It is bizarre that a party whose own constitution aims to repatriate powers from elsewhere to a national parliament enthusiastically supports membership of the EU, which requires sovereign powers to be surrendered to Brussels. Contrary to the SNP's bluster, it has been clear for some time that the EU is not minded to give Scotland the assurance of swift EU membership. Scotland would have to wait in the queue with other prospective new members, and likely face stiff opposition to membership from states such as Spain and Italy which fear their own secessionist regions. By the time Scotland could gain separation from the UK and negotiate membership of the EU as a new state, the EU will be even nearer its goal of being the 'United States of Europe' with the full powers of statehood, "founded on four building blocks: a fiscal union, a financial union, an economic union and a political union" (per Mario Draghi, President of the European Central Bank). Scotland would be subsumed into the superstate as little more than a geographical and cultural region; the real levers of control would be pulled in Brussels. Moreover, Scotland would almost certainly be obliged to adopt the euro as its currency and join the border control free Schengen area. It would not inherit any of the UK's current regulatory opt-outs or be entitled to a budget rebate. Without its share of the UK's rebate, an independent Scotland would have to pay the EU a membership fee of around £863 million per year. This is the nature of the so-called 'independence' which the SNP advocates for Scotland.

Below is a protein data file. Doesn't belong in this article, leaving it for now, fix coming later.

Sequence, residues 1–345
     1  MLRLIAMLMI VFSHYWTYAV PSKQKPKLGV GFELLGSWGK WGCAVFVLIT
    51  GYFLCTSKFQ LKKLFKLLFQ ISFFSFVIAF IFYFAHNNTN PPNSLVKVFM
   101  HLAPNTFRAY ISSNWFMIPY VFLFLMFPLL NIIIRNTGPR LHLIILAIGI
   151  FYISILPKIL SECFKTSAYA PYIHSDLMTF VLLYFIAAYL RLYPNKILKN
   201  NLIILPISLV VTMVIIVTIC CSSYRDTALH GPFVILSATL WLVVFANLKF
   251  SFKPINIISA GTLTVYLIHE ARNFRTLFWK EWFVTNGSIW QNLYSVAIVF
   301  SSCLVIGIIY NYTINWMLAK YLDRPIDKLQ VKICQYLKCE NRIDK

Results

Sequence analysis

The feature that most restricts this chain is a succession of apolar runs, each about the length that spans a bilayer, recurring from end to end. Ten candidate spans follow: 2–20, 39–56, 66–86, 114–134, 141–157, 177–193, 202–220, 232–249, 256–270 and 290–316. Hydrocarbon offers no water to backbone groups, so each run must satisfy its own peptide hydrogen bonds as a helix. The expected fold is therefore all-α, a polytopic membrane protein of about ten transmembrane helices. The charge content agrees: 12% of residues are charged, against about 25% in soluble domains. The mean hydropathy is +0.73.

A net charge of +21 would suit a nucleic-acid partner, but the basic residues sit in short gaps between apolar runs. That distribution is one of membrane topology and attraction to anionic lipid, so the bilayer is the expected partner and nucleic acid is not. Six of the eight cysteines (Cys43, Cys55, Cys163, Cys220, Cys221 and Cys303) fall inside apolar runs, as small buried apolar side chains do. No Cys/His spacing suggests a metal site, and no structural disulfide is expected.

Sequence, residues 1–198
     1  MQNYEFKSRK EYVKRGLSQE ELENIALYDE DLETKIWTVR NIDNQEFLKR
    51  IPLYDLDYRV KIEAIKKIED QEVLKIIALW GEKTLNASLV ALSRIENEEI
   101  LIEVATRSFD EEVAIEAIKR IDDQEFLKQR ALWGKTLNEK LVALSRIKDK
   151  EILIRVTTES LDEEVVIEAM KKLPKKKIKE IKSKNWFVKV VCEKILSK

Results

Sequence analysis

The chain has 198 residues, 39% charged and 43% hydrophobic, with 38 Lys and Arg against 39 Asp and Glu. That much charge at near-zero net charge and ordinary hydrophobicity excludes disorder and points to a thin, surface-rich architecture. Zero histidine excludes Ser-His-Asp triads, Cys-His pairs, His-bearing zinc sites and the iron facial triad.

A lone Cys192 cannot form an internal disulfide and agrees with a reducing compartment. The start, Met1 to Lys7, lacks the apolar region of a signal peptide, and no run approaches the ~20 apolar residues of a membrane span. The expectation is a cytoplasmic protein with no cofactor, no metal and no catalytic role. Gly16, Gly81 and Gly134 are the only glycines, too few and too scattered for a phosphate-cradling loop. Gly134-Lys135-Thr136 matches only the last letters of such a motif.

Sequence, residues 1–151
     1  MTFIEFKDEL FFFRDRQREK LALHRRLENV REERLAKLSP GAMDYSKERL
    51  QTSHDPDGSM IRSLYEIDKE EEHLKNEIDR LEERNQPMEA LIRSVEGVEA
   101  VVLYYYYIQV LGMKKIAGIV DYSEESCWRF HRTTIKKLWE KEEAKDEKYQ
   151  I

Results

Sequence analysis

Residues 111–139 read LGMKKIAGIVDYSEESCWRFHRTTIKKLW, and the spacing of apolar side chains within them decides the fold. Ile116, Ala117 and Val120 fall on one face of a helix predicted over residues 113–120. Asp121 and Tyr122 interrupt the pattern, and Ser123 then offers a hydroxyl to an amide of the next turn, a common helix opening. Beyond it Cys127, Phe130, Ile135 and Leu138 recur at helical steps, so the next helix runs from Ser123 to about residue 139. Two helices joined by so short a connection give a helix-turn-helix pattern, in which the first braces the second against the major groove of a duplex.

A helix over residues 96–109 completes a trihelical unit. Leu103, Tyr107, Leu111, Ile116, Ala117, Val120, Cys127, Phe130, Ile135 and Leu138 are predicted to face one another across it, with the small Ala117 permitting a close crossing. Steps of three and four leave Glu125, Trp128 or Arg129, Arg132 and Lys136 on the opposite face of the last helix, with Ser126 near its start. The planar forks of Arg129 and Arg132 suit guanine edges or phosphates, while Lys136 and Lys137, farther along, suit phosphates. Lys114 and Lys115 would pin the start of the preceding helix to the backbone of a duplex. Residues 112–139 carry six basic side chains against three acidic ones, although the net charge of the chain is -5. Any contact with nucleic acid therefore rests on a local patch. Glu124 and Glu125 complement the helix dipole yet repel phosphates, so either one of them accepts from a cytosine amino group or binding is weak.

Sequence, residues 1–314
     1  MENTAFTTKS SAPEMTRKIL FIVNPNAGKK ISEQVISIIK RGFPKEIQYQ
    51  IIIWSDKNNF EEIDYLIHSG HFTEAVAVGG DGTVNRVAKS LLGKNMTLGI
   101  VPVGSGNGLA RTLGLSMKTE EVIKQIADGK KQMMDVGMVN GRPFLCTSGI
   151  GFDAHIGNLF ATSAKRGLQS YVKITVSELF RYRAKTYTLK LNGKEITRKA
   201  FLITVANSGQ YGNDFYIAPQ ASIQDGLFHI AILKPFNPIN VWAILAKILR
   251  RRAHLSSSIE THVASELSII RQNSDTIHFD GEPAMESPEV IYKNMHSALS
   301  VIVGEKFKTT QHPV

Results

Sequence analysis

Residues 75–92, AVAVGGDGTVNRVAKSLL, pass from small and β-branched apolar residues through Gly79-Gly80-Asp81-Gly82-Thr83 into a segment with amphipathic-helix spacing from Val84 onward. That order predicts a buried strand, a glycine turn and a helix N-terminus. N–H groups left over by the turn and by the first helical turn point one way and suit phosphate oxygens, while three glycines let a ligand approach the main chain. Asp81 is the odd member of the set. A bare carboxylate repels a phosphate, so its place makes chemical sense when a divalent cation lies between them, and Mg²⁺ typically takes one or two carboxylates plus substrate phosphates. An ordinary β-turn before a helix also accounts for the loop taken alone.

Scotland as an EU member state would have only around 2% and 1.6% of the voting weights in the Council of the European Union and European Parliament respectively. These figures should be compared with the 9.1% of influence which Scotland now wields at Westminster. 63% of Scotland's exports go to the rest of the UK, while less than 18% go to the EU with its shrinking economy. On its current performance, Scotland would have the worst deficit of any state in the EU or indeed, the developed world, even with oil. The SNP has said that "only once Scotland has its own seat at the top table" can it have hope of reforming or influencing the EU's future direction. The stark reality is that Scotland would have insufficient political or financial clout to be anything other than a very minor player in the EU arena. It is fanciful to believe that, say, a fairer share of fishing rights could ever be reclaimed by an independent Scotland within the EU. The SNP has scaremongered that many Scottish jobs are dependent membership of the EU. This assertion has been roundly disproved by three facts: 1) the jobs depend not on EU membership, but on trade which would continue regardless; 2) the EU sells to the UK far more than they buy from us; and 3) the EU has around 1½ times as many jobs "at risk" as the UK so the EU has every incentive to continue its highly profitable trade with us.
Neither the EU's failure to control illegal (especially Muslim) migration nor the corresponding public disquiet has deterred the SNP from wanting to open Scotland's doors to all types of immigration. This is despite new migrants to Scotland already being set to outstrip the number of Scottish births by nine to one over the next decade, with the population expected to grow to a record 5½ million people.